IntelliMouse with IntelliEye - Page 1
The mouse is 30 years old!
When I first
heard Microsoft announcing to the world on 19th April
about their new range of optical mice, I was ecstatic.
The good-old mouse with balls was invented in 1968. Over
30 years has passed before we actually have something
new to replace that ageing design. Microsoft's new optical
mouse with IntelliEye™ optical technology promises the
elimination of the mouse ball and mouse pad forever! There
are two versions of optical mice : The Intellimouse
with IntelliEye and the Intellimouse Explorer.
The IntelliMouse and the IntelliMouse
Explorer both incorporate IntelliEye technology. The main
difference is the number of buttons on the mice. The IntelliMouse
has three, versus the five on the IntelliMouse Explorer.
Packed nicely in the box
are the two mice.
Optical Technology? What is that?
Inside the futuristic
mouse is an optical sensor and a digital signal processor
to replace your traditional mouse ball mechanics. Gone are
the dirt and dust which your traditional mouse ball loves
to attract. The good thing is, even after years of use,
your Intellimouse will remain as responsive as ever!
Gone are the
traditional mouse balls!
Optical Sensor and
Digital Signal Processor are the IN thing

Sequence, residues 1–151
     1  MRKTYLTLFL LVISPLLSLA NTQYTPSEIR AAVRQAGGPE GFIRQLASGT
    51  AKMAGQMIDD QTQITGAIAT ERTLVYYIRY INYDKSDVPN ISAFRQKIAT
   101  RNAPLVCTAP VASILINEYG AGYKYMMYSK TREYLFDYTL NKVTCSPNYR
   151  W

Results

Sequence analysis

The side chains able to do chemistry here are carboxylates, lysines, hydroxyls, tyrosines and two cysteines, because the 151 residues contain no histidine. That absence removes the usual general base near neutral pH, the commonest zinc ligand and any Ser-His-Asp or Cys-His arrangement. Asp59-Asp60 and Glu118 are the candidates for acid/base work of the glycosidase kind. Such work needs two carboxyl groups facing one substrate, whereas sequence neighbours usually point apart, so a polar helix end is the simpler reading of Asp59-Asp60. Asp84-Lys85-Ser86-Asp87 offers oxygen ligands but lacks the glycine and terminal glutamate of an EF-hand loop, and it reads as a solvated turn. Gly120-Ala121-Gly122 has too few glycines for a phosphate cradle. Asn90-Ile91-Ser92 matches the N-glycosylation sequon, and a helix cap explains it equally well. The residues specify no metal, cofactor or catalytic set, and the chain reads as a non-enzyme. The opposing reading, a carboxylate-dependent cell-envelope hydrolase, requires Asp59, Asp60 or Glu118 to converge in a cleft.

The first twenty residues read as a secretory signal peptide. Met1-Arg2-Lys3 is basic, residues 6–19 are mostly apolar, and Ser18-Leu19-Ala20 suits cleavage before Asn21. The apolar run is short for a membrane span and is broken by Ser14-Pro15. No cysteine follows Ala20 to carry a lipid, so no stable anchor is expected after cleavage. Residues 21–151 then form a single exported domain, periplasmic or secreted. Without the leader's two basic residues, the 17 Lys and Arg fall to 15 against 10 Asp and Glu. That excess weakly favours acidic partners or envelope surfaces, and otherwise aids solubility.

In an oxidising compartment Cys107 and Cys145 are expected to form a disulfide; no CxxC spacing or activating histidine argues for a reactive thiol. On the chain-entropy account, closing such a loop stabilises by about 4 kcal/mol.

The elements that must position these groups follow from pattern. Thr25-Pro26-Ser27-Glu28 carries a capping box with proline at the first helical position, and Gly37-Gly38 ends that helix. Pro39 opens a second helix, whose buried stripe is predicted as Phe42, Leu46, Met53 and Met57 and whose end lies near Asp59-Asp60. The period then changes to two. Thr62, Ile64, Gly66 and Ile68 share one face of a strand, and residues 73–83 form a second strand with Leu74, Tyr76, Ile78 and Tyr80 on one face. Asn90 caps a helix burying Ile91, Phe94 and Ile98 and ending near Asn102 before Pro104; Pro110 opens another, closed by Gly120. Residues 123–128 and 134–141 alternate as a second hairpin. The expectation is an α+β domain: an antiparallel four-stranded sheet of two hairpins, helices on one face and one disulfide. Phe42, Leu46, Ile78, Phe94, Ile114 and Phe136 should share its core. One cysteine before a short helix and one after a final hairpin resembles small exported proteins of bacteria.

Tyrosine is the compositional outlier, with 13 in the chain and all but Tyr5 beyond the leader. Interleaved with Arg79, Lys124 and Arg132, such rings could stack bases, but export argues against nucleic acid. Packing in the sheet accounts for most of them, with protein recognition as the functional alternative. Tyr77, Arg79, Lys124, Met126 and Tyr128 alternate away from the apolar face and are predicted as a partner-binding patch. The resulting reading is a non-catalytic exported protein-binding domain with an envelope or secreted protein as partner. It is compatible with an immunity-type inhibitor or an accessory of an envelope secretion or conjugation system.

With the Intellieye
optical sensor, the mice are capable of scanning surfaces
at a rate of 1,500 times per second to track movement.
There are two types of digital camera technologies used
widely today; The first being the popular CCD technology
and the other uses CMOS technology. The Intellieye uses
CMOS technology akin to a tiny digital camera, taking
a whopping 1,500 pictures per second on the surfaces beneath
the mice. After taking the pictures, the 18 MIPS digital
signal processor will analyze these pictures and translate
the movement of the mouse to reflect the cursor position
on the monitor screen. With "image correlation
processing" techniques, the mice provide smoother
and more precise pointer movements than ever before.
the 5 frames above, we can see how the optical sensor
tracks the movement of the mouse. The sensor sends the
different frames to the digital signal processor, which
in turn, translates the movements into corresponding pointer
movements on the display.
the BALLESS part! Gimme more!